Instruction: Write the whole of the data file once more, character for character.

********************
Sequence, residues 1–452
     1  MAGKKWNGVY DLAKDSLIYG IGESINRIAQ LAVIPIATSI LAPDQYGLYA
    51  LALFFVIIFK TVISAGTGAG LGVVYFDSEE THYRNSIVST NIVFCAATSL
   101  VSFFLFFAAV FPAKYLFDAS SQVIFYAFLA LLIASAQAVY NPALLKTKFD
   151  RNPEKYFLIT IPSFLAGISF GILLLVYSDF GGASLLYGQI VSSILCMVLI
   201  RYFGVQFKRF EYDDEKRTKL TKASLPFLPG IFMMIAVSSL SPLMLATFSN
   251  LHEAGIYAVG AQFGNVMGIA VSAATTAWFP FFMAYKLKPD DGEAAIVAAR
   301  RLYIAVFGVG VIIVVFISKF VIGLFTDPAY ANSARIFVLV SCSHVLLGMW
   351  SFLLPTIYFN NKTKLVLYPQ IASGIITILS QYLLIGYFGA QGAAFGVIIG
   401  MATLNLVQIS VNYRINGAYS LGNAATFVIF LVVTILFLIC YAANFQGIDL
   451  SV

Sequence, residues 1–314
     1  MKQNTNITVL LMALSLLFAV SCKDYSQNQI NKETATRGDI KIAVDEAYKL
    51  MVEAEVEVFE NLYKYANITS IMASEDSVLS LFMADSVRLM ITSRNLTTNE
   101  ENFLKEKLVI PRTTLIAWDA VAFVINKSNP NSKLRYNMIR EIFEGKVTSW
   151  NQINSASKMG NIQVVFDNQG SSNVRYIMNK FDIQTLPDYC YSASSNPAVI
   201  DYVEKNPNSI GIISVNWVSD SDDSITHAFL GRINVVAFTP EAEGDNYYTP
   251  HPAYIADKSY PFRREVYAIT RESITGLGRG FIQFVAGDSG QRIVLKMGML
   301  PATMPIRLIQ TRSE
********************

Sequence, residues 1–452
     1  MAGKKWNGVY DLAKDSLIYG IGESINRIAQ LAVIPIATSI LAPDQYGLYA
    51  LALFFVIIFK TVISAGTGAG LGVVYFDSEE THYRNSIVST NIVFCAATSL
   101  VSFFLFFAAV FPAKYLFDAS SQVIFYAFLA LLIASAQAVY NPALLKTKFD
   151  RNPEKYFLIT IPSFLAGISF GILLLVYSDF GGASLLYGQI VSSILCMVLI
   201  RYFGVQFKRF EYDDEKRTKL TKASLPFLPG IFMMIAVSSL SPLMLATFSN
   251  LHEAGIYAVG AQFGNVMGIA VSAATTAWFP FFMAYKLKPD DGEAAIVAAR
   301  RLYIAVFGVG VIIVVFISKF VIGLFTDPAY ANSARIFVLV SCSHVLLGMW
   351  SFLLPTIYFN NKTKLVLYPQ IASGIITILS QYLLIGYFGA QGAAFGVIIG
   401  MATLNLVQIS VNYRINGAYS LGNAATFVIF LVVTILFLIC YAANFQGIDL
   451  SV

Sequence, residues 1–314
     1  MKQNTNITVL LMALSLLFAV SCKDYSQNQI NKETATRGDI KIAVDEAYKL
    51  MVEAEVEVFE NLYKYANITS IMASEDSVLS LFMADSVRLM ITSRNLTTNE
   101  ENFLKEKLVI PRTTLIAWDA VAFVINKSNP NSKLRYNMIR EIFEGKVTSW
   151  NQINSASKMG NIQVVFDNQG SSNVRYIMNK FDIQTLPDYC YSASSNPAVI
   201  DYVEKNPNSI GIISVNWVSD SDDSITHAFL GRINVVAFTP EAEGDNYYTP
   251  HPAYIADKSY PFRREVYAIT RESITGLGRG FIQFVAGDSG QRIVLKMGML
   301  PATMPIRLIQ TRSE